tiffany's story

whoa! hello monday - how did you get here so fast?

it was, in many ways, a whirlwind weekend. i got some errands done, yes, but most of it was spent trying to catch up from what i didn't get to through the week, and then sitting and waiting for five hours on saturday for the power to come back on after our first spring thunderstorm. (actually, it was more like giving up and going to bed early.)

today's fabulous what's your story feature comes to you from tiffany of the would-be writers guild.
I took my first trip to New York City at 21 years old. Though I had seen the city a million times on TV and movies, I was not prepared for the rapture I would feel standing there and soaking in the city's electricity. I was with my husband and a good friend and the three of us made our way around the city in complete awe, though we wore dark glasses and made it a point to avoid eye contact with anyone (a safety measure in our minds). Without realizing it, my perspective had changed drastically - the world was so much bigger than my hometown and it wasn't nearly as scary as I'd feared. That was a pleasant surprise.

Having my perspective changed has, at times, been painful. When my husband's mother was diagnosed with lung cancer in 2003, I was absolutely certain that she would not die. Why? Because my husband had already lost his father prematurely in 1996, and I thought that there must be some universal rules in place that decreed that while tragedy might strike, it would only happen once. I thought that there was a limit to the suffering one person or family would have to endure. (Go ahead. I'll wait while you say, "DUH!")

She didn't even make it six months.

My perspective changed again - life offers absolutely no guarantees or promises of fairness and equality. At first this was devastating, but eventually it became sort of freeing. No more keeping arbitrary cosmic scores in my head; it was time to live life in the moment. Today is the gift. Most of the time, I'm good at remembering that.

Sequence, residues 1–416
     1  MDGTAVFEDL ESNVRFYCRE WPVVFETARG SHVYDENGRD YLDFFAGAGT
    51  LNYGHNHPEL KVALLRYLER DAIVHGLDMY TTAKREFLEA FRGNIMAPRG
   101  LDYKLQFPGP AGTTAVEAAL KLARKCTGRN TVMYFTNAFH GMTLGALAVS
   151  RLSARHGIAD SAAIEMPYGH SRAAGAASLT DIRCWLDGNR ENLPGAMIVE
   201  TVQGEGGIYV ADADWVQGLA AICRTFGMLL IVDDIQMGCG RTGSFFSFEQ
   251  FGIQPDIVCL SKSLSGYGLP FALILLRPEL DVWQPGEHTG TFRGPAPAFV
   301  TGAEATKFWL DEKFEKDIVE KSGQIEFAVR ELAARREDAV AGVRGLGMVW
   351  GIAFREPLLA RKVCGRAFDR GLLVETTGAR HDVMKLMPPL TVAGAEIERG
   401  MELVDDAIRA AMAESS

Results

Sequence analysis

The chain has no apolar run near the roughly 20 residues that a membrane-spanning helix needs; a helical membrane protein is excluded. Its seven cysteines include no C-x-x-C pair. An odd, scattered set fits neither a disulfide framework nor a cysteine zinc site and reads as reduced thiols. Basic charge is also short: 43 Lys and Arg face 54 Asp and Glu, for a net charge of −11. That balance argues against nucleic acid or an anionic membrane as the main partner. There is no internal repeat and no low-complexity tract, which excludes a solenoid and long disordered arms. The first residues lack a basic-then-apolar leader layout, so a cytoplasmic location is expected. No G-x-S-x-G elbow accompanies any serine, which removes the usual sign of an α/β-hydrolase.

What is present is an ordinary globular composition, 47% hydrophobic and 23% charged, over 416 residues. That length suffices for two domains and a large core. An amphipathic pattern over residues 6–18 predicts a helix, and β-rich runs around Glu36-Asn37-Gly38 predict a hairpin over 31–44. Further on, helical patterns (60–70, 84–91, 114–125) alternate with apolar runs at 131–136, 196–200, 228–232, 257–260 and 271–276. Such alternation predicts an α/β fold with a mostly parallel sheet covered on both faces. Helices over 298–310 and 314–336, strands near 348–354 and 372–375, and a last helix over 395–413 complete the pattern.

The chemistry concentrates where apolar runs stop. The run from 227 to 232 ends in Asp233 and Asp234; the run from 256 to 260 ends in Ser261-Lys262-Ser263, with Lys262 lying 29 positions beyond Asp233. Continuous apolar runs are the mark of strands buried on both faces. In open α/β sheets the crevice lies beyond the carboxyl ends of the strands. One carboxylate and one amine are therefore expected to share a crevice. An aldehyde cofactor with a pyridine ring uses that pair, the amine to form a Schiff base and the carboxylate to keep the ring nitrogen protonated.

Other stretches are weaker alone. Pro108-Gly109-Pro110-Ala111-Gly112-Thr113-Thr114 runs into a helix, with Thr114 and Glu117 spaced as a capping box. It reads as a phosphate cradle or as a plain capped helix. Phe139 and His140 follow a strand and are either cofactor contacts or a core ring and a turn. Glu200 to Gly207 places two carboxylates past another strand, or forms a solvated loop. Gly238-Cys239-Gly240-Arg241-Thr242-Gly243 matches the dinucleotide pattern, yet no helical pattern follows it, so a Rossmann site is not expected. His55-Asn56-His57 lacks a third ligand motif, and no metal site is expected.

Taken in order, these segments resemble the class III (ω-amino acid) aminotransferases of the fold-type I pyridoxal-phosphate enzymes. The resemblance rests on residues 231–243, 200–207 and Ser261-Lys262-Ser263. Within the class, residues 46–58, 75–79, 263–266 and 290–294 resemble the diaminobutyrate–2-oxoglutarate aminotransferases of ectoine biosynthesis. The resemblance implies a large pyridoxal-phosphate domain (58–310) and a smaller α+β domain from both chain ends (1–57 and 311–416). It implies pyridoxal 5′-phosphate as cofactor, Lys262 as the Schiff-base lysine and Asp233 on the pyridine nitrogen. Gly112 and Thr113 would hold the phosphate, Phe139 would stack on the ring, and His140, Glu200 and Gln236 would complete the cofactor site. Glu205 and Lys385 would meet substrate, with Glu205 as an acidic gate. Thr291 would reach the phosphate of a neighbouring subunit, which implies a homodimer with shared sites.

However, last year I lost my grip. My husband had landed his long-anticipated first real job after grad school 2200 miles away from where we lived. We had a complicated laundry list of Things That Absolutely Had To Fall Into Place In a Very Short Period of Time before we moved. I became consumed with the list and obsessed with fear and worry that things would not, could not work out. I became an Olympic-caliber worrier. I imagined thousands of tragic scenarios and lived them out in the wee hours of the morning when I couldn't sleep. I offered myself up as a sacrifice to Worry and it swallowed me whole.

My perspective a year later is changed, yet again. This is what I learned: things work out. Either the way we hope, or the way we fear, or a way we never even thought of, things work out. That is the nature of things - time passes and stuff happens. Worry is a robber of time, sleep, and stomach lining. It takes all of your energy and gives you nothing in return. I am most peaceful when I let tomorrow happen tomorrow.

I'm a different person than I was at 20, 25, 30, and even yesterday. Most of the time I'm taking two steps forward, then one step back. Or, one step forward and two steps back. Or, one step forward that actually results in a face plant. But that's the great thing about life, isn't it? It's always moving us somewhere.

remember - everyone has a story. i'd love for you to tell me yours. email me and let's talk - new features get posted every monday.


Soul-Fusion said...

love this Tiffany! Thanks for this great project wunderbug!

Louisa said...

I worry a lot too and it gets me absolutely nowhere. Things do not work out better when I worry more. And things rarely work out the way you think but you're so right, they work out some way. Nice, well-written little piece!

Anonymous said...

Great story! Worry consumes us so easily, it's always great to remember that we're not fully in control of the outcome of our experiences.

This was good to wake up to...a good way to start the day (:

Leslie said...

That's my inspiring sister! Thanks for sharing, Tiff! You are a wise soul and a great example to me!

Julia said...

This was a tremendous story! THank you for sharing!

Jesse C said...

You are great Tiff.

erica said...

this story REALLY encouraged me today. thank you both for sharing it!! :)

aimee heff said...

Your description of what you learned about life working out the way we hoped, or the way we fear, or the way we never thought of really hit me today because I am at a crossroads in which my fear and worry seem to be much more consuming than I would like it to be.

You are a great writer. Thanks for sending the link to this blog. I am a lover of personal narratives.

Mindi said...


step off, all of the rest of you.

my 'girl crush' should count for something!

as usual, so eloquently put.

Travelin'Oma said...

The most important thing I've learned about life is to live it. Your essay illustrates this so well. Thanks for introducing me to another great blog. I love to read people's stories.

Anonymous said...

I worry about my worrying, which makes me more worried. -James

Anonymous said...
This comment has been removed by a blog administrator.


Related Posts with Thumbnails